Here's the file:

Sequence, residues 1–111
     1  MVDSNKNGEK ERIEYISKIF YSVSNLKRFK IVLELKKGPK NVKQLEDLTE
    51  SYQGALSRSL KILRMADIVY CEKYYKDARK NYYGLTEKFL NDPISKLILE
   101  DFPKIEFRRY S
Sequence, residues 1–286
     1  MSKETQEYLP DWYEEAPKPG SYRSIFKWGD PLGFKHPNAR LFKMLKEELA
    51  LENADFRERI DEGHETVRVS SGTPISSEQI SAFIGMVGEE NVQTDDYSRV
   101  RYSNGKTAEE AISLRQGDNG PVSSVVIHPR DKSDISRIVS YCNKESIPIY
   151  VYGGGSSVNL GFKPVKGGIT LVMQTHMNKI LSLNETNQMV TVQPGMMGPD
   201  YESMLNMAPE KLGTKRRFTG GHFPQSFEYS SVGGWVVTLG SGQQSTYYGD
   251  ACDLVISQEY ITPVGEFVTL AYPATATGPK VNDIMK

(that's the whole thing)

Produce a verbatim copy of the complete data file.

Sequence, residues 1–111
     1  MVDSNKNGEK ERIEYISKIF YSVSNLKRFK IVLELKKGPK NVKQLEDLTE
    51  SYQGALSRSL KILRMADIVY CEKYYKDARK NYYGLTEKFL NDPISKLILE
   101  DFPKIEFRRY S
Sequence, residues 1–286
     1  MSKETQEYLP DWYEEAPKPG SYRSIFKWGD PLGFKHPNAR LFKMLKEELA
    51  LENADFRERI DEGHETVRVS SGTPISSEQI SAFIGMVGEE NVQTDDYSRV
   101  RYSNGKTAEE AISLRQGDNG PVSSVVIHPR DKSDISRIVS YCNKESIPIY
   151  VYGGGSSVNL GFKPVKGGIT LVMQTHMNKI LSLNETNQMV TVQPGMMGPD
   201  YESMLNMAPE KLGTKRRFTG GHFPQSFEYS SVGGWVVTLG SGQQSTYYGD
   251  ACDLVISQEY ITPVGEFVTL AYPATATGPK VNDIMK